The Imperial Wharf project, built by property developer St George, includes sensory and roof gardens, parkland and a riverside walk.
The 385m riverside walk and intensely-managed sensory gardens make it one of the biggest and most extravagant public green spaces to be opened in the capital.
St George has not released any figures on the cost of the development, but a section 106 planning agreement required it to help pay for a new overland rail station before permission was granted. The company contributed £4.8m to build the recently-opened Imperial Wharf station.
The London Borough of Hammersmith and Fulham also said the developer must allow public access to the gardens before it would grant permission for the mixed-use development, which includes 1,800 luxury apartments.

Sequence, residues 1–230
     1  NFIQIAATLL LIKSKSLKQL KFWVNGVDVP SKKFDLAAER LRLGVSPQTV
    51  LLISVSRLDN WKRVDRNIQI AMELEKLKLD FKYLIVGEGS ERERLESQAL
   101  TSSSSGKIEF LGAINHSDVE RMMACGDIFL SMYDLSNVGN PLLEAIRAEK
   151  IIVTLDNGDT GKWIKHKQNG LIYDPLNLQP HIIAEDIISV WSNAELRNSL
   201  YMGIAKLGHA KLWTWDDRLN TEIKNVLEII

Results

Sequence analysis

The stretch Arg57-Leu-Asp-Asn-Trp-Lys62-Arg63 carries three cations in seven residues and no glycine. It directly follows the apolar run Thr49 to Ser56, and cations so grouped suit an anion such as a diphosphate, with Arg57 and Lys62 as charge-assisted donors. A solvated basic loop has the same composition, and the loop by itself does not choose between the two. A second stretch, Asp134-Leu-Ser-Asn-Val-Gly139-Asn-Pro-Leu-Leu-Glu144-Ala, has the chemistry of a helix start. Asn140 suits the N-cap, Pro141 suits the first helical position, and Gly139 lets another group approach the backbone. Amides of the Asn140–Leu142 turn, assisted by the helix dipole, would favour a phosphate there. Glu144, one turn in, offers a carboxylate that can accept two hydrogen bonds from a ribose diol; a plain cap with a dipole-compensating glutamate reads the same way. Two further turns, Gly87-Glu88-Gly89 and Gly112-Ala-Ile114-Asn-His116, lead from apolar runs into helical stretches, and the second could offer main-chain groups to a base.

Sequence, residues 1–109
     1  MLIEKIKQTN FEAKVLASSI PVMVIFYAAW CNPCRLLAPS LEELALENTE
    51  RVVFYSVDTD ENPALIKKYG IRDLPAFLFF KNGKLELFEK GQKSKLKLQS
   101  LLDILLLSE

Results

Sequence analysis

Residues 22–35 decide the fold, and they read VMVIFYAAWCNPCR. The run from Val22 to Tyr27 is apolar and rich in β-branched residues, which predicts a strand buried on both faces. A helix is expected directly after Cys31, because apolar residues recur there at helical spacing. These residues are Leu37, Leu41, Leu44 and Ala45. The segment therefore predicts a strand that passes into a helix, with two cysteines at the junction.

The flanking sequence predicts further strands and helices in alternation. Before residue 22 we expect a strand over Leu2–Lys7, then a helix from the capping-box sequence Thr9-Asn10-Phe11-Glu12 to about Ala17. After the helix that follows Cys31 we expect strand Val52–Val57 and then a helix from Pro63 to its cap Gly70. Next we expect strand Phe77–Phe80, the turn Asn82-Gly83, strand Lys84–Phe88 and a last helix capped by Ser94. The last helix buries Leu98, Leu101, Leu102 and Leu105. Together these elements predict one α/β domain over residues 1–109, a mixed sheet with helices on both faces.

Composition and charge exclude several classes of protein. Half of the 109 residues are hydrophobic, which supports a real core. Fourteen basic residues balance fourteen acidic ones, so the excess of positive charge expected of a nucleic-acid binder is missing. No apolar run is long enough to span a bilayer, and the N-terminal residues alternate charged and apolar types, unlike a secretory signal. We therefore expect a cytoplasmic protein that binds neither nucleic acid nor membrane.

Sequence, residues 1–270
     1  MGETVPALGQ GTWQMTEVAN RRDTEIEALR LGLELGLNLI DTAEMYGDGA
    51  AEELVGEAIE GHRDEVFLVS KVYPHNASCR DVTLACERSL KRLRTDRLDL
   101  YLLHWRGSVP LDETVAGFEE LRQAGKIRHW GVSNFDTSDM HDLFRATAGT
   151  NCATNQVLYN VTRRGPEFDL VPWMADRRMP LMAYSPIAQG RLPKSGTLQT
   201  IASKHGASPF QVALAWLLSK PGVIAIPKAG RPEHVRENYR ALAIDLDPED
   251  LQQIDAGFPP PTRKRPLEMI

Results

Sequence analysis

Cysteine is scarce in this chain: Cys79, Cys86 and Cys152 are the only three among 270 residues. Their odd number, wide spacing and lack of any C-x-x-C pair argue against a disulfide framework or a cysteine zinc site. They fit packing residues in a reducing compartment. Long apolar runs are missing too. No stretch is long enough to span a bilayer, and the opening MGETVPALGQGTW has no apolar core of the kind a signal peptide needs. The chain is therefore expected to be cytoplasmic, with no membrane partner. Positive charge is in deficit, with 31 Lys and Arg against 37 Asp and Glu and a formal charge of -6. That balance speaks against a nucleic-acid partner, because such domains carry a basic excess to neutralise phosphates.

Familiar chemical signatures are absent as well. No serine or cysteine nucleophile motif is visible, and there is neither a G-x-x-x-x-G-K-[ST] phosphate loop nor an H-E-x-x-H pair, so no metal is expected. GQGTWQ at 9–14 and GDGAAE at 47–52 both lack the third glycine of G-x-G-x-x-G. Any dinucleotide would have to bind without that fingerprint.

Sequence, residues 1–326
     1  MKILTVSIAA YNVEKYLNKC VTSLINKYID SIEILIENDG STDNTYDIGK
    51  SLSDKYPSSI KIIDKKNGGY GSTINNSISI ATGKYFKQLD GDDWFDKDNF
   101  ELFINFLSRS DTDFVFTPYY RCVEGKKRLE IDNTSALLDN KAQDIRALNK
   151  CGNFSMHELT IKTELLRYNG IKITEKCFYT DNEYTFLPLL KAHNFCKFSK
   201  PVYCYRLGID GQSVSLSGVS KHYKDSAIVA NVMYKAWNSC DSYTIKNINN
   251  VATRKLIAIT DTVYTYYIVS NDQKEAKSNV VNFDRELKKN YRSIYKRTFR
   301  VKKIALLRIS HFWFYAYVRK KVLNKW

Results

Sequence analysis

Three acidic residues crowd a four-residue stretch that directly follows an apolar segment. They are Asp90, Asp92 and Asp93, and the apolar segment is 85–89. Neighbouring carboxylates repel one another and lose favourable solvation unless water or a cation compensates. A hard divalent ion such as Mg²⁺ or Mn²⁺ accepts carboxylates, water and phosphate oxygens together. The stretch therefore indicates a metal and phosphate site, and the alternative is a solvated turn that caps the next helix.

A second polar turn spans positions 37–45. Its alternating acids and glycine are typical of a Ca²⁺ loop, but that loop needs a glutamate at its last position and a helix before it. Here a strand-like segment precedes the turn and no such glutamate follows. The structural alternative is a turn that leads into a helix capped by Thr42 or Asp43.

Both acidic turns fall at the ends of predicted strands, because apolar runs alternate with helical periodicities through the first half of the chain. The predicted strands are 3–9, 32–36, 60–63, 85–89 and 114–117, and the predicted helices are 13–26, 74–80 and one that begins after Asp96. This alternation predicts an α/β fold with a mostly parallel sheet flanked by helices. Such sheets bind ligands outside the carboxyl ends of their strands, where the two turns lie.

But St George went beyond the agreement and, with the help of architect and designer Broadway Malyan and SJM landscapes, created a public park on the site of the former Fulham gasworks in an area desperately lacking green space.
SJM partner Steven McBirney oversaw the installation of all soft landscaping and his company's team of five will be in charge of maintaining the area.
He said: "This compares very favourably with some public sector developments. It has been a great project and we are pleased with what we have achieved."
The park and gardens include more than 18,500 shrubs, 14,500 perennials and 110 trees. Everything was sourced in the UK except the trees and each section of the green space is designed to be distinct and yet comfortably connect to the next.
Broadway Malyan associate director Allan Cox helped design and oversee the 10-year project. He said: "It is rare to have such an intensively-managed garden in a development such as this but the results speak for themselves."